When I was 41 years old, I was deeply depressed with daily suicidal thoughts.
I had everything but happiness. I had a nice house in Hawaii – paradise! – a nice car, good community. I was beginning to get a few good words about my sculpture in the art circles, and shows in good places.
And yet, I couldn’t figure out why I was so unhappy. I even questioned whether being an artist wasn’t something foisted upon me by my parents as a way to keep me quiet as a child – “here, dear, here are some colored crayons, have at it! And by the way, simmer down.”
I decided I needed a deep look within.
So I sold almost everything I owned – including a fabulous book collection I look back and wish I’d never given up! – and my best-of-everything-I’ve ever made collection – irreplaceable – silly me! – and shipped my car to the mainland for a walkabout.
No particular destination, just driving here and there, visiting people, camping out alone in the woods and near rivers, just to see who was inside this body, what she liked, what she thought, and what she really wanted.
I also vowed not to do a lick of artwork until I resolved whether being an artist was in truth my natural state.
After 2 years of traveling every back road I could find in the 12 western states and parts of Canada, I finally got it. It was January of 1989, and I had been camping out on Mt Sopris, near Carbondale, Colorado in my tent. Just a little chilly for this Hawaii-kind-of-weather girl!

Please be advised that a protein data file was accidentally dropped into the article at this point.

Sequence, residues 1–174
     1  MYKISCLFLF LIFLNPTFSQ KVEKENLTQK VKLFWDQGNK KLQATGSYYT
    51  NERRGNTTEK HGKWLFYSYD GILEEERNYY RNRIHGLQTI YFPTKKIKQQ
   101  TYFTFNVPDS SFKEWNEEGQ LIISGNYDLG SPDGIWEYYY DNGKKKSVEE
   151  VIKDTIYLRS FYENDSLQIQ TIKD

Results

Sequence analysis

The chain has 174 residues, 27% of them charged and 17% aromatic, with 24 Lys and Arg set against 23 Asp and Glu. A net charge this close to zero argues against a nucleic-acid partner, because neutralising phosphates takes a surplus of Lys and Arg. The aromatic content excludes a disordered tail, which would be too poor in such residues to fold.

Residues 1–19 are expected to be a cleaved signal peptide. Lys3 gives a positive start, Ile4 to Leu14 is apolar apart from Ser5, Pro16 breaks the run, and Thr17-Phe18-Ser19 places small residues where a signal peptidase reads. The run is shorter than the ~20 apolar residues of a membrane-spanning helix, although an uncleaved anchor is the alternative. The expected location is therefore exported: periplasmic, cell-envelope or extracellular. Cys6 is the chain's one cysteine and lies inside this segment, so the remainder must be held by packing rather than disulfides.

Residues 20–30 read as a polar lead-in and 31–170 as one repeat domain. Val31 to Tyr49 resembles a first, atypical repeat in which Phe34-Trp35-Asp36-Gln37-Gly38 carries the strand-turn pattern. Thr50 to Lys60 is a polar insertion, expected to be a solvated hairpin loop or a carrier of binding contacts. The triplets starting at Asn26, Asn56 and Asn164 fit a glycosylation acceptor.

So I found and rented a tiny summer cabin in Redstone, just a mile or two up the river from where I’d been camping. Two mountain ridges west of Aspen. The cabin was at most 15′ x 20′, built with single-wall construction and zero insulation. And boy let me tell you it was bloody cold! The day after I moved in, there was a blizzard with 4′ of snow. Imagine if I’d stayed in the tent!
One day as I was sitting near the little wood stone with every speck of clothing I owned on and still freezing, I found myself looking at a piece of firewood sticking out of the kindle bin.
I was gently musing that if I “cut off that little piece, and deepened that little groove it would look like a…”
Oh! Here I am, freezing to death, and I’m carving in my head! I must truly be an artist! Whoa! End of question!
I decided to carve a piece to commemorate my stay there, and carved Moon Bear out of some stone someone had just happened to give me. Man, it was hell carving that thing! Ever try holding a chisel and hammer when your fingers have turned to ice? Or stand for hours in a little tiny wood shed while your feet and legs freeze up to your waist? Ooooeee. Un-uh! Never again! But you know what? I was beginning to feel happy. Good!
That’s when Grace stepped in. I got a letter in the mail from an old friend with whom I’d done a bunch of self-improvement workshops in Hawaii. He said, “Angela, it’s time for you to come home! I’m enclosing a check so you can buy a ticket back.”
Well. The Universe Hath Spoken. End of Walkabout. I went back to Honolulu.
And that spring, traveled again…this time to Lucca, Italy. I had by that time been carving stone for 10 years solely by hand. So when I saw an invitation to go to Lucca, Italy to learn to carve marble using air tools…I just figured it was the U telling me what’s next. More on that soon!